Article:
Danai Gurira: I know, right? It's never anything I imagined I'd end up doing, but I've always wanted to do something very, very, very active on screen and so here it is. I got that wish!
HitFix: So many of the characters on the TV show, they use what's in the comic as a starting point, but then it becomes something different. How much is your Michonne the Michonne from the comics and how much has she become something different already?
Danai Gurira: She's definitely on an arc this season. There's a "becoming" that she's going through, definitely. And I love it, actually. I love when I look back at it and I think that's great that she's had that "becoming."
HitFix: If she's "becoming," do you have a sense of what she was? What she was before all of this zombie stuff started happening? Of what made her this way?
Danai Gurira: Yeah! The apocalypse. Everyone responds different. It's definitely PTSD responses, depending on exactly what happened and exactly where you were, who you were with. Some people had more support than others, like the group. Some people were alone. Who do you become in that time, in that moment? And what level was your trauma? Some people's trauma... It's just so based on that. I think it really is PTSD, different types of PTSD and how you recreate yourself to navigate this new world. So yeah, she's recreated herself in ways that have left behind who she was before the apocalypse and I think sorta the "becoming" can involve... You know... Does she start to let that person back in at some point? That can be dangerous. And I think that's a lot to do with the arc that she's on.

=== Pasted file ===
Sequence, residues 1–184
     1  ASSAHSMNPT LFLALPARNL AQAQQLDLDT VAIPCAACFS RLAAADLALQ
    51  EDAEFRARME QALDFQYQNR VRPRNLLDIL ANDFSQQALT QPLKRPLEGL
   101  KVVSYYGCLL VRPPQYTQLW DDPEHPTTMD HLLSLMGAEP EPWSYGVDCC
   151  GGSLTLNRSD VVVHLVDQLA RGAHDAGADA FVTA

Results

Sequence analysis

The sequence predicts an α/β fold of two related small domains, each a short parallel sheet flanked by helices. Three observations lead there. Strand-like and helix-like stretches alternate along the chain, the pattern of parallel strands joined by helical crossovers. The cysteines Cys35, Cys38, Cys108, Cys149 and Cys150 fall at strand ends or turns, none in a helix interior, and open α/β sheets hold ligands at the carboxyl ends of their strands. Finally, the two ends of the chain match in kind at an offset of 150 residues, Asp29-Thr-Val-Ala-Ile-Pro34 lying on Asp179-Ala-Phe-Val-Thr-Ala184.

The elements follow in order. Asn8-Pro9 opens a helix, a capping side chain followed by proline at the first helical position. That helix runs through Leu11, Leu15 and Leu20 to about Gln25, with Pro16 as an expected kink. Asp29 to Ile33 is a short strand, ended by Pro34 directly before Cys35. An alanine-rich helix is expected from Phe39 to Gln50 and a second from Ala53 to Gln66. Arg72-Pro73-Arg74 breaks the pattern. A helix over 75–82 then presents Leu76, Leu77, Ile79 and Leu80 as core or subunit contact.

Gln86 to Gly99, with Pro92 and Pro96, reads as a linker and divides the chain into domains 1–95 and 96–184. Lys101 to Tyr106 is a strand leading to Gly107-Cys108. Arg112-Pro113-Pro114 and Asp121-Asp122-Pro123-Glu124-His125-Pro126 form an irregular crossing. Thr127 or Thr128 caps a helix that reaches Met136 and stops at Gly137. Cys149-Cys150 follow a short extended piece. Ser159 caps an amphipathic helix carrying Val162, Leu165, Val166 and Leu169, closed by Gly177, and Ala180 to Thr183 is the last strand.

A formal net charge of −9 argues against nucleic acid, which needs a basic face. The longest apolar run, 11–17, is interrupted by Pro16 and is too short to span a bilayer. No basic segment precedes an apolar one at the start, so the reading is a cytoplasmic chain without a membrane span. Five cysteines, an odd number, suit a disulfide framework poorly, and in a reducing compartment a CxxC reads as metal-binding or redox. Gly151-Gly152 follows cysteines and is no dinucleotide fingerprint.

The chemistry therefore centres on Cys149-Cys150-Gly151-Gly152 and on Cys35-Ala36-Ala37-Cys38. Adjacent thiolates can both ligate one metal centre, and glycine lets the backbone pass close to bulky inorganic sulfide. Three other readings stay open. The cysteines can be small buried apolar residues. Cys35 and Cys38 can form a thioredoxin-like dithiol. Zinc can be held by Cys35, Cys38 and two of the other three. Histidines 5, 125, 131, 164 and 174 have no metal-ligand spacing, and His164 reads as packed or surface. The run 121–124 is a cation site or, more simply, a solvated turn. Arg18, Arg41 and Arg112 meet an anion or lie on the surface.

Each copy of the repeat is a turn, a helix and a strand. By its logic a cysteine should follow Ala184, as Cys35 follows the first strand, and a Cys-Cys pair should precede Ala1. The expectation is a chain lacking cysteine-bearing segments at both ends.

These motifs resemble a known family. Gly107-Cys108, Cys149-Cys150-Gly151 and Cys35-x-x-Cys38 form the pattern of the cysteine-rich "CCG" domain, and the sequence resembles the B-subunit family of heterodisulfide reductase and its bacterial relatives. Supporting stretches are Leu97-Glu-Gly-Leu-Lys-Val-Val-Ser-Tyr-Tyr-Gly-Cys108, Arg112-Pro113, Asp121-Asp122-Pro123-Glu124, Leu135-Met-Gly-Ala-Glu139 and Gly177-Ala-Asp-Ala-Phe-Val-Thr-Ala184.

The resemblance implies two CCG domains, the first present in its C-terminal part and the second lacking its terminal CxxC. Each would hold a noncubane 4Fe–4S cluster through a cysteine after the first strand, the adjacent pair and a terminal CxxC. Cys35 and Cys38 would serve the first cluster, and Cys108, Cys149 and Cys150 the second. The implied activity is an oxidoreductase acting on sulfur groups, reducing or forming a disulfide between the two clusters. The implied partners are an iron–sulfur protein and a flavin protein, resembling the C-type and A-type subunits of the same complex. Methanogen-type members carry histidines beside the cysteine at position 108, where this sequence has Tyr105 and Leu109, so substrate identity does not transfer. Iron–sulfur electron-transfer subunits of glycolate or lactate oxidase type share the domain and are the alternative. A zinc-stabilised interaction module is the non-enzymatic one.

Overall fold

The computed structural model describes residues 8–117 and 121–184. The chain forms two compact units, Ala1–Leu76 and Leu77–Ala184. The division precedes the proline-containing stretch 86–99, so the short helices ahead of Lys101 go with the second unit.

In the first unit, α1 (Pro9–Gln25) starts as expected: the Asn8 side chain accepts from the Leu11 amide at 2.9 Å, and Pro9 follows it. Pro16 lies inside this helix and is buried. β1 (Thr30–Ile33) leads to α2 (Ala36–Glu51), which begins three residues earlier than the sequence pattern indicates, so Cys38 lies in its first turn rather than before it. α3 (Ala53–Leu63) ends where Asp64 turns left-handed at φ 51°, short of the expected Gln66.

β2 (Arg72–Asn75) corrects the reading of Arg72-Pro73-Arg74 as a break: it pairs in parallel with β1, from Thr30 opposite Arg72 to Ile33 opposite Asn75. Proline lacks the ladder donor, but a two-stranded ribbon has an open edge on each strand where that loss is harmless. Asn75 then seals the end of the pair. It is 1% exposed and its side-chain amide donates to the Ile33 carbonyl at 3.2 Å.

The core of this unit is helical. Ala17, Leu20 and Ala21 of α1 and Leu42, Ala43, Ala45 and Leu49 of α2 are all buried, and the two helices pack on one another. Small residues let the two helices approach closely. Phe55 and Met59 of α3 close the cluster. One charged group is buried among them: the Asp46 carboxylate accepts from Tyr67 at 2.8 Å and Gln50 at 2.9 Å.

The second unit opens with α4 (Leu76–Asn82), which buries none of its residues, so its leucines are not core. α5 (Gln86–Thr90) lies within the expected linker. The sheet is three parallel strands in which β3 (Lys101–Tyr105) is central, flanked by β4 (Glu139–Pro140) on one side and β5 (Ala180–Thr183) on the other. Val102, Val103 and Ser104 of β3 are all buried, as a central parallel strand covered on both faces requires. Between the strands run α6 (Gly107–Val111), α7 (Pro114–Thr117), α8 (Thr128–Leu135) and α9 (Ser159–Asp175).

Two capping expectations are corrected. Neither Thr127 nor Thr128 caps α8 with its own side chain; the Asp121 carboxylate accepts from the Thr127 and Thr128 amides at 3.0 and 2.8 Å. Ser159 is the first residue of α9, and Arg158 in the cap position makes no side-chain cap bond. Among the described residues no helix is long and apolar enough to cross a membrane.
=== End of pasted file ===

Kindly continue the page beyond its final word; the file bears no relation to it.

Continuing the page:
HitFix: Have you talked with the writers about who that person was?
Danai Gurira: Yeah. Of course! It's one of the first conversations we had in the writers' room, but then it's also a discovery, ironically. You know it as an idea and you build it as a character backstory, but then as you go through it, through several months -- and we arc and create based on what was on the page the last time or what was just shot -- it becomes a discovery.
HitFix: Coming from a theatrical background, do you like that uncertainty and not having the end-point of the character to aim towards?